As his "noir-rotic comedy" creation Bored To Death closes out its second season on HBO (this Sunday), Jonathan Ames is gearing up to host another Moth Ball (a benefit for the Moth Reading Series—whose podcast makes a commute from, say, Queens to DUMBO that much more enjoyable, at least once a week). Buy your tickets to the benefit, which is next Tuesday night, here—and if you see Ames around town, give him a hug, he seems blue (or make it less awkward and just @ him something fun on Twitter).

We recently saw you at Cynthia Von Buhler's birthday party—does a typical night out for you usually include mermaids and rooftop merry-go-rounds? No, but I wish it did.

If you were pressured to tell a one-minute-story (as some will be at the Moth benefit) right now, what would it be? I would probably just talk about the current state of my nervous mind at that moment, though I doubt that one minute would suffice.

How about a six word story (a la Hemingway's "For Sale: Baby Shoes, never worn.")? I don't like myself at all.

How did you get involved with Moth? For about five years (1992-1997), I had been doing my own monologue (storytelling) shows at the Fez on Lafayette Street. Then the Moth started up, they had heard that I told stories in the style of Spalding Gray, and so they approached me. I was in the second Moth show ever and kept at it for the next decade and change.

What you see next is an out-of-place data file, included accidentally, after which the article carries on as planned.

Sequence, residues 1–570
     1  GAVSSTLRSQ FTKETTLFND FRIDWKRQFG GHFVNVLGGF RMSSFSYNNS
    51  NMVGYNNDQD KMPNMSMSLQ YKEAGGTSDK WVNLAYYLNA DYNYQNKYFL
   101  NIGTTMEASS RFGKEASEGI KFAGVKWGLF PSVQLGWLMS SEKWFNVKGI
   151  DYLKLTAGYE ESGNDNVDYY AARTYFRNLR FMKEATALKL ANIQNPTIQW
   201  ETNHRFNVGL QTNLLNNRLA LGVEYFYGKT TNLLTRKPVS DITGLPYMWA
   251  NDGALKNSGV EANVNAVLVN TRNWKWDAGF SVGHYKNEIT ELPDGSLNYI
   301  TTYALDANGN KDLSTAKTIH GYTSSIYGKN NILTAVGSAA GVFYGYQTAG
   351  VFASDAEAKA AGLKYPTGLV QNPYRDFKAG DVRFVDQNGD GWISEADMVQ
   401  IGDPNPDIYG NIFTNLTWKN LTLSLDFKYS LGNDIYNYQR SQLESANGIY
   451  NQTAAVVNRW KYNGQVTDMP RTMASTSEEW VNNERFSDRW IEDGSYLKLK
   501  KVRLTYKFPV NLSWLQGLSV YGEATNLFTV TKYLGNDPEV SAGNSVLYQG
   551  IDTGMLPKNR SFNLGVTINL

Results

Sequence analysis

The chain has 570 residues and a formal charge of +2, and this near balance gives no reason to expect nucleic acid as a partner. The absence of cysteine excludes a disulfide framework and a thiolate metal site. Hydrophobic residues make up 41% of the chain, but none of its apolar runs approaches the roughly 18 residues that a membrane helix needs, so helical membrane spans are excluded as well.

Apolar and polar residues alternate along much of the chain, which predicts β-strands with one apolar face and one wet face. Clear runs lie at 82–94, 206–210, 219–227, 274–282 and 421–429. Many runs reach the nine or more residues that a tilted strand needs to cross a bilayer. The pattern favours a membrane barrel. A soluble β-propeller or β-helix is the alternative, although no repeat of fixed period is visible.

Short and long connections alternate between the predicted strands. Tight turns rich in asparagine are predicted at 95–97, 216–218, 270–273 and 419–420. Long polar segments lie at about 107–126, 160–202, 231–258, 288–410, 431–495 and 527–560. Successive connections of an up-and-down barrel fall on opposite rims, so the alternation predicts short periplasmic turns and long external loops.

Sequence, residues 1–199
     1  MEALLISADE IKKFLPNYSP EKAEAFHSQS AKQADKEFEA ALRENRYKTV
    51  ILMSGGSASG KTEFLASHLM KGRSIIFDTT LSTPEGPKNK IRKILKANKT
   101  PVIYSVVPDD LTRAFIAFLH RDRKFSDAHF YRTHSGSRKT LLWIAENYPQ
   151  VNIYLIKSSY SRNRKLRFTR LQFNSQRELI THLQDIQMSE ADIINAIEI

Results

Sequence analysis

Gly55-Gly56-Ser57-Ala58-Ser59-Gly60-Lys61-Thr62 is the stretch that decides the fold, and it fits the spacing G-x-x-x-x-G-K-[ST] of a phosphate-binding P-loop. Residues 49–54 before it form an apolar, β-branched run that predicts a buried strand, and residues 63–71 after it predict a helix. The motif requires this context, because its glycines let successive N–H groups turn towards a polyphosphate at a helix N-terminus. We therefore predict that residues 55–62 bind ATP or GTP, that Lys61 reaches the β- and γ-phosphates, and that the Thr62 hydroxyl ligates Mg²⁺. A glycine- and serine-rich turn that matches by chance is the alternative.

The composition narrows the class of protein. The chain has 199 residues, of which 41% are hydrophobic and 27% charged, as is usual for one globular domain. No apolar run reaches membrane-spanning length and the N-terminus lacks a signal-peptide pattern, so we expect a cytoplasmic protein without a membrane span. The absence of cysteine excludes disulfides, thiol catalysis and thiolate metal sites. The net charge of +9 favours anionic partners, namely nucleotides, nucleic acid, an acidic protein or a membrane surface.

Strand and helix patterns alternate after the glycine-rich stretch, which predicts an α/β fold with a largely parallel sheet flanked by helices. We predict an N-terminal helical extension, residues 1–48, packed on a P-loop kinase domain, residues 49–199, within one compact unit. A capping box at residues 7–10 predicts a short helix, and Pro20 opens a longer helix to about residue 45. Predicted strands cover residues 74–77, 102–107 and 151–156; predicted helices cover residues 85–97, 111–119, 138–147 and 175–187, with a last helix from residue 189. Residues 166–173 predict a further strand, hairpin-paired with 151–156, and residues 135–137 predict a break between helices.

The series has themes, what theme(s) would you like to see during upcoming readings? At the moment, I'm rather sad, so only sad themes come to mind, which would make for a dreary evening, so I don't have a good answer, I'm afraid.

Do you listen to any podcasts—have any recommendations (aside from Moth of course)? I don't listen to any podcasts. I don't know how to do it. I can do email and text-messages, but after that my technical abilities end. I've never downloaded a song. For this reason, I've never listened to a Moth podcast or heard my own stories, which is a blessing, since like most people, the sound of my own voice is rather dreadful to me.

Season 2 of Bored to Death is coming to an end—last year you had some trouble catching the episodes on tv, did you have better luck this time around? Yes, HBO very generously gave me a television, so I watched all the episodes this season in my apartment and didn't have to rely on the kindness of friends or strangers.

Brooklyn is as much of a character on Board to Death as Jonathan or Ray. How would you describe its character on the show, as opposed to a borough like Manhattan, where (Ted Danson's character) George lives? I think it's a character with multiple personalities -- glorious, downtrodden, homey, trendy, and subject to mood changes.

Would you call the show's vision of Brooklyn idealized? Somewhat. But we also film, quite often, by the terribly polluted Gowanus Canal, and yet our show does make it look beautiful, maybe because in its own mad way, it is beautiful.

Any surprises in store for this weekend's finale? I imagine there will be some things that will be fun for the fans of the show, but I don't know if they would qualify as surprises. Hard for me to know—I'm so close to it, I can barely perceive it.